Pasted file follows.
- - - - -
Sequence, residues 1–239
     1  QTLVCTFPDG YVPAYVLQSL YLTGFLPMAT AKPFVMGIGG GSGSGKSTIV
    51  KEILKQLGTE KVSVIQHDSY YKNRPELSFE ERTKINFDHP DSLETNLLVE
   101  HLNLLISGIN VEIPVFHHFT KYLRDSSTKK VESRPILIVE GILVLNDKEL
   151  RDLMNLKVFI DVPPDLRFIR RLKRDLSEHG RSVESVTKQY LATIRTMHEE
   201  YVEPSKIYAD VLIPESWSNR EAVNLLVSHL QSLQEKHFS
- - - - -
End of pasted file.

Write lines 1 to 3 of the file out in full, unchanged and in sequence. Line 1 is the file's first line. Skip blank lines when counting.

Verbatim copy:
Sequence, residues 1–239
     1  QTLVCTFPDG YVPAYVLQSL YLTGFLPMAT AKPFVMGIGG GSGSGKSTIV
    51  KEILKQLGTE KVSVIQHDSY YKNRPELSFE ERTKINFDHP DSLETNLLVE